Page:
Also the A_kernel partition looks like it stores the bootloader image. Can you confirm that despite the name, it’s the bootloader and not the kernel image stored there?

What would be the bare minimum file structure for mmcblk0p1 that the UEFI would show as bootable so that I could then mount to another partition? For example, I would assume /boot and /etc at the very least.

I think these partitions are read by UEFI with UUID instead of fixed name like mmcblk0px, so it won’t cause the issue.

I’m sure it’s kernel instead of bootloader, but it’s rarely used because kernel/kernel-dtb are read from rootfs by default, instead of from dedicated partitions.
This is configurable in the UEFI boot menu.

If you just want to save disk space, then the basic flavor rootfs should do it.

I assumed this was the bootloader image based on Partition Configuration — Jetson Linux Developer Guide documentation.
The A_kernel partition is by default specified with LNXFILE as the file name which according to the doc translates to boot.img.

So then to confirm, the bootloaders are stored and read from the 64MiB QPSI NOR not any partition on the eMMC, and the kernel images/ kernel dtb are read from the rootfs (APP) partition, not the A_kernel or whatever those random partitions specified in the config are?
If so, I can assume I can delete those extra partitions and only keep required ones like ESP?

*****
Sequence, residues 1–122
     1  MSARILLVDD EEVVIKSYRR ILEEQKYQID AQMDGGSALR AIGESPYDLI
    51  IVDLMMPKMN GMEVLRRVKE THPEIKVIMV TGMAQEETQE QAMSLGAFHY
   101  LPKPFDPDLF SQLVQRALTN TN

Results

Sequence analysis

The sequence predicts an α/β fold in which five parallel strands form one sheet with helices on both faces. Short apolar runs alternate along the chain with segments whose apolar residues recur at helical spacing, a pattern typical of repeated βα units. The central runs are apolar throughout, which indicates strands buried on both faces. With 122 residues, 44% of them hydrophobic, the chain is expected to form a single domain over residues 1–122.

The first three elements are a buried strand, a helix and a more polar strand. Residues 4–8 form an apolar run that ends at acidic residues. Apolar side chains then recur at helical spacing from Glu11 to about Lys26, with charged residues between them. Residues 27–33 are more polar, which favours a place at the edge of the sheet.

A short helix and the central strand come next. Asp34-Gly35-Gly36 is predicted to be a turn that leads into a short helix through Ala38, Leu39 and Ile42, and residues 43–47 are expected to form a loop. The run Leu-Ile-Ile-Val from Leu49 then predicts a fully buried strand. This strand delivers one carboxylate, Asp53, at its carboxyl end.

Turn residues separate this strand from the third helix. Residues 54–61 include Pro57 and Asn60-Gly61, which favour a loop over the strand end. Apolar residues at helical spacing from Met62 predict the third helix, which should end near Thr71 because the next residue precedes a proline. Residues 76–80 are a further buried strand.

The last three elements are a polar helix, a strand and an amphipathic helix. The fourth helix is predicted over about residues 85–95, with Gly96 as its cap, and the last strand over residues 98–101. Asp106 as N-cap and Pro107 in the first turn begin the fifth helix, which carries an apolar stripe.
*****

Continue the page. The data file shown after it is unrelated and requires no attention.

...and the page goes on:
I suppose I was more asking about what file structure is the minimum for the bootloader to consider a bootable rootfs if all I am using it for is directing it to mount to another partition. So you are saying that I would need a full linux file system, but I can minimize it of course by removing unnecessary modules and files like the basic rootfs flavor does?

Also, going back to the original redundancy request, I modified the partitions on the eMMC to test booting a kernel with a rootfs on another partition:

I cloned the original APP partition (mmcblk0p1) to mmcblk0p16. I then modified the extlinux.conf file to use mmcblk0p16 as the rootfs.

DEFAULT primary

MENU TITLE L4T boot options

LABEL primary
      MENU LABEL primary kernel
      LINUX /boot/Image
      FDT /boot/dtb/kernel_tegra234-p3701-0005-p3737-0000.dtb
      INITRD /boot/initrd
      APPEND ${cbootargs} root=/dev/mmcblk0p16 rw rootwait rootfstype=ext4 mminit_loglevel=4 console=ttyTCU0,115200 console=ttyAMA0,115200 console=tty0 firmware_class.path=/etc/firmware fbcon=map:0 net.ifnames=0 nospectre_bhb 

I rebooted, but the original APP partition (mmcblk0p1) is still being used. Shouldn’t the bootloader find mmcblk0p1, try to boot from it, but then it reads extlinux.conf which redirects the rootfs mount point to be mmcblk0p16? Any ideas why this does not work?